Project description:Oxygen consumption is a key metric of metabolism in aerobic organisms. Current respirometric methods led to seminal discoveries despite limitations such as high sample demand, exchange with atmospheric O2, and cumulative titration protocols leading to limited choice of useable tissue, complex data interpretation, and restricted experimental design. We developed a sensitive and customizable method of measuring O2 consumption rates by a variety of biological samples in microliter volumes without interference from the aerobic environment. We demonstrate that O2 permeability of the photopolymer, VeroClear, is comparable to that of polyetheretherketone (0.125 vs. 0.143 barrer, respectively) providing an efficient barrier to oxygen ingress. Optical transparency of VeroClear, combined with high resolution 3D printing, allows for optode-based oxygen detection in enclosed samples. These properties yield a microrespirometer with over 100× dynamic range for O2 consumption rates. Importantly, the enclosed respirometer configuration and very low oxygen permeability of materials makes it suitable, with resin pre-conditioning, for quantitative assessment of O2 consumption rates at any desired [O2], including hyperbaric, physiological or hypoxic conditions as necessary for each cell type. We characterized two configurations to study soluble enzymes, isolated mitochondria, cells in suspension, and adherent cells cultured on-chip. Improved sensitivity allows for routine quantitative detection of respiration by as few as several hundred cells. Specific activity of cell suspensions in the microrespirometer was in close agreement with that obtained by high-resolution polarographic respirometry. Adherent cell protocols allowed for physiologically relevant assessment of respiration in retinal pigment epithelial cells, ARPE-19, which displayed lower metabolic rates compared with those in suspension. By exchanging medium composition, we demonstrate that cells can be transiently inhibited by cyanide and that 99.6% of basal O2 uptake is recovered upon its removal. This approach is amenable to new experimental designs and precision measurements on limited sample quantities across basic research and applied fields.
Project description:Flow-through respirometry systems provide accurate measurement of gas exchange over long periods of time. However, these systems have limitations in tracking rapid changes. When an animal infuses a metabolic gas into the respirometry chamber in a short burst, diffusion and airflow in the chamber gradually alter the original signal before it arrives at the gas analyzer. For single or multiple bursts, the recorded signal is smeared or mixed, which may result in dramatically altered recordings compared to the emitted signal. Recovering the original metabolic signal is a difficult task because of the inherent ill conditioning problem. Here, we present two new methods to recover the fast dynamics of metabolic patterns from recorded data. We first re-derive the equations of the well-known Z-transform method (ZT method) to show the source of imprecision in this method. Then, we develop a new model of analysis for respirometry systems based on the experimentally determined impulse response, which is the response of the system to a very short unit input. As a result, we present a major modification of the ZT method (dubbed the 'EZT method') by using a new model for the impulse response, enhancing its precision to recover the true metabolic signals. The second method, the generalized Z-transform (GZT) method, was then developed by generalizing the EZT method; it can be applied to any flow-through respirometry system with any arbitrary impulse response. Experiments verified that the accuracy of recovering the true metabolic signals is significantly improved by the new methods. These new methods can be used more broadly for input estimation in variety of physiological systems.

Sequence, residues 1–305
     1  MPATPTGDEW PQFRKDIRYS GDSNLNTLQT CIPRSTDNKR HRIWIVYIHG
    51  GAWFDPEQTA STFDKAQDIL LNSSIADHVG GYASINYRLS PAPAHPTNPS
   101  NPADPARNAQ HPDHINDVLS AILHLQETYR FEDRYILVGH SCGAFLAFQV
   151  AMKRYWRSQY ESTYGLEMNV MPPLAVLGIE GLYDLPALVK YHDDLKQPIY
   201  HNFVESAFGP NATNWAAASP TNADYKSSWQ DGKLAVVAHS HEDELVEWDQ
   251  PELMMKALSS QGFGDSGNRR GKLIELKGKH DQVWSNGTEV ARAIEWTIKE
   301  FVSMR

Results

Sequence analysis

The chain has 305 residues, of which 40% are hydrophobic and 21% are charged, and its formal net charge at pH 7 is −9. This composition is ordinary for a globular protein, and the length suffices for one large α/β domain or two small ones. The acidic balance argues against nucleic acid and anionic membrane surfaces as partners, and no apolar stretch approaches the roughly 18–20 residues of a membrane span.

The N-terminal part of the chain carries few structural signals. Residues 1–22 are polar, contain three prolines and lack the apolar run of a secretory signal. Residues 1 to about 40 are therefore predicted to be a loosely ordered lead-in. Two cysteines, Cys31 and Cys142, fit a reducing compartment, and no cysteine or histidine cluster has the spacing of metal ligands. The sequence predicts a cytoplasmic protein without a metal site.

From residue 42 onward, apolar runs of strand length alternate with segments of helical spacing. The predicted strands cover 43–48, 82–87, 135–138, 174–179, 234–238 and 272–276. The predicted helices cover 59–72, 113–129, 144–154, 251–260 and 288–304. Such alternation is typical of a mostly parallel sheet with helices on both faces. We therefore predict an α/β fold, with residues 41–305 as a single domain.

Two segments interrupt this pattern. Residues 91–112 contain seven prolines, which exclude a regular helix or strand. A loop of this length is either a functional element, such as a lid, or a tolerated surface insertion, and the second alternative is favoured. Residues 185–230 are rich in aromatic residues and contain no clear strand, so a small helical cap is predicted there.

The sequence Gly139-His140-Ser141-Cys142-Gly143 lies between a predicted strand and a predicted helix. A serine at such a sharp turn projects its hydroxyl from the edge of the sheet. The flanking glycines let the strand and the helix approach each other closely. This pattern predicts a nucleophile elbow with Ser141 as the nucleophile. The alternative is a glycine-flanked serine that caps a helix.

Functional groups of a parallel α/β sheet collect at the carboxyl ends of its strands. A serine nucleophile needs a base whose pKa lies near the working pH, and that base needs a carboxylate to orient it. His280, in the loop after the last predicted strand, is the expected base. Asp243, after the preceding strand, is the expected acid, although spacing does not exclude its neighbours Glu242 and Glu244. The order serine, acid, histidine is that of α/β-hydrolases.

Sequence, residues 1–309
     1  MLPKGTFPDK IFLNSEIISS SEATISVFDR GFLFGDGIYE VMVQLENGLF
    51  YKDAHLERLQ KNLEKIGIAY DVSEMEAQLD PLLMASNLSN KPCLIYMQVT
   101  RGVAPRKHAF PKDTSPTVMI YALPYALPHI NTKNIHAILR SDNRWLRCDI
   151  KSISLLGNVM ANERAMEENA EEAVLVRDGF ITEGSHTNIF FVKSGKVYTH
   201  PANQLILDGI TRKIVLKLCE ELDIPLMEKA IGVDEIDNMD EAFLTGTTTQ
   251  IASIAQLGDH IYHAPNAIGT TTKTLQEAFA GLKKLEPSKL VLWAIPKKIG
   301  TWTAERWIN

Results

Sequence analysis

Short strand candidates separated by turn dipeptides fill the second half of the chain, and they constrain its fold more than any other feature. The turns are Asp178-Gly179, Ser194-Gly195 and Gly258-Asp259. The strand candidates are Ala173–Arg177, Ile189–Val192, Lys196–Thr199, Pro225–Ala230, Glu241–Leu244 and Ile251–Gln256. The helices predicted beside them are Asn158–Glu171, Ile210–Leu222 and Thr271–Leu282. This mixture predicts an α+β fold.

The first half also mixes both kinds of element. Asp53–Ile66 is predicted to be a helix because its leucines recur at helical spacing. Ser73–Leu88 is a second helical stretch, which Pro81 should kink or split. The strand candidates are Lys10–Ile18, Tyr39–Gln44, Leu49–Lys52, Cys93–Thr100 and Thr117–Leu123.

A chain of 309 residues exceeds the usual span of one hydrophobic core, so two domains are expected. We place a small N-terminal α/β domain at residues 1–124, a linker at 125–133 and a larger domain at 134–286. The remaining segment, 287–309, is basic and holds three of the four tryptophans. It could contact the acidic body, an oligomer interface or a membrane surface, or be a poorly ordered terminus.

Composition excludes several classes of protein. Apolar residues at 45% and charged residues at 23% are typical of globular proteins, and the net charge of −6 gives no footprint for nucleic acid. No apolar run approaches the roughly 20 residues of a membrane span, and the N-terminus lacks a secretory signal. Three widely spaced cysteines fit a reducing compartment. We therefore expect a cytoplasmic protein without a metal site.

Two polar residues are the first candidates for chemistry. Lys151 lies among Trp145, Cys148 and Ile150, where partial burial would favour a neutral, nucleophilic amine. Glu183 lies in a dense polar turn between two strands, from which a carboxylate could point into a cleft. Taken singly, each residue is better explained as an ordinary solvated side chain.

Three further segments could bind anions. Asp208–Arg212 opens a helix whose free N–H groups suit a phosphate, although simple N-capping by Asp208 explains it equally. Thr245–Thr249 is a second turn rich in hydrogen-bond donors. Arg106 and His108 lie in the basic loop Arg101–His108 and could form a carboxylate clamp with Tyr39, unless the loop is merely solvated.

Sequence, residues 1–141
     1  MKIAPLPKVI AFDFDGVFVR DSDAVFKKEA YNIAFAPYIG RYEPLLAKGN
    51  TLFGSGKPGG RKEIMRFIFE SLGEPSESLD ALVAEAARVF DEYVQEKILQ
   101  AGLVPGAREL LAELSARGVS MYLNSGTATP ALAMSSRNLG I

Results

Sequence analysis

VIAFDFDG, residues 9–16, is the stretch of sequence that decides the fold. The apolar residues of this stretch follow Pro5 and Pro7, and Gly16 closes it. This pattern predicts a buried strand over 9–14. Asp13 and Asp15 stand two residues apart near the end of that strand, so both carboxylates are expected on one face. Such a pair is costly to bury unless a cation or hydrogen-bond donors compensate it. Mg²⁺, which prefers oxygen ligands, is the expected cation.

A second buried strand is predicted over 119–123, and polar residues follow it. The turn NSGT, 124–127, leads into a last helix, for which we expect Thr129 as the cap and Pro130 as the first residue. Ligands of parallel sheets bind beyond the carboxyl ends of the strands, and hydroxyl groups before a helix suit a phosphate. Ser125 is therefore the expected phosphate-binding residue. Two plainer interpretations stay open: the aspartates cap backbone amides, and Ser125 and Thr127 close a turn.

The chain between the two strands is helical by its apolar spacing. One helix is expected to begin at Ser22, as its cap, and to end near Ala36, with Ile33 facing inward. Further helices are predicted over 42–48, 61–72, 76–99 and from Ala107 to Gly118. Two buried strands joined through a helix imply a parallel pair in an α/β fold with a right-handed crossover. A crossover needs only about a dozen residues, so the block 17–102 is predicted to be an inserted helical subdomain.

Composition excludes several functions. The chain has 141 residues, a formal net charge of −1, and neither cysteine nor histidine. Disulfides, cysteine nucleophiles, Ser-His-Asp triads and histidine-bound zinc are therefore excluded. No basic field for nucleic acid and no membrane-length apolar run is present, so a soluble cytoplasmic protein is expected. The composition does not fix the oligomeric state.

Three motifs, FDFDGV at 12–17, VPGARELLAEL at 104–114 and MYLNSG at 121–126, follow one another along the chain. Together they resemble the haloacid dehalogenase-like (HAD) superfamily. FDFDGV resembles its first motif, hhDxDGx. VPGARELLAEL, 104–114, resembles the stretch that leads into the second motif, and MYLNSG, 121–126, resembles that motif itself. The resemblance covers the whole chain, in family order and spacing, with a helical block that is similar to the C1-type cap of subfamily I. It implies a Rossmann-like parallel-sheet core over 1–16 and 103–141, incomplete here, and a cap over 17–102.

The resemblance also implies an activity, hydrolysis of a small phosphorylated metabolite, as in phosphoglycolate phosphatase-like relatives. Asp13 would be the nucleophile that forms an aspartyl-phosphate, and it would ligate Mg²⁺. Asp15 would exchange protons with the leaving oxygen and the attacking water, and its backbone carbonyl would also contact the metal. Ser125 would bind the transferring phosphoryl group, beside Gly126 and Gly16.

Project description:Platelet activation plays a key role in normal haemostasis and pathological thrombosis. Platelet activation is rapid; within minutes of stimulation, platelets generate bioactive phospholipids, secrete their granule contents, activate integrins and aggregate together to form a haemostatic plug. These events are dependent on ATP synthesis. Mitochondrial function in platelets from healthy volunteers and patients with a range of diseases indicate an important role for oxygen consumption in oxidative phosphorylation in normal and pathological function. Platelets also consume oxygen during oxidation reactions, such as cyclooxygenase-dependent thromboxane A<sub>2</sub> synthesis. In this study, we used high-resolution respirometry to investigate rapid changes in oxygen consumption during platelet activation. We demonstrated a rapid, transient increase in oxygen consumption rate within minutes of platelet stimulation by the physiological activator, thrombin. This was partly inhibited by aspirin and by oligomycin. This shows that high resolution respirometry can provide information regarding rapid and dynamic changes in oxygen consumption during platelet activation.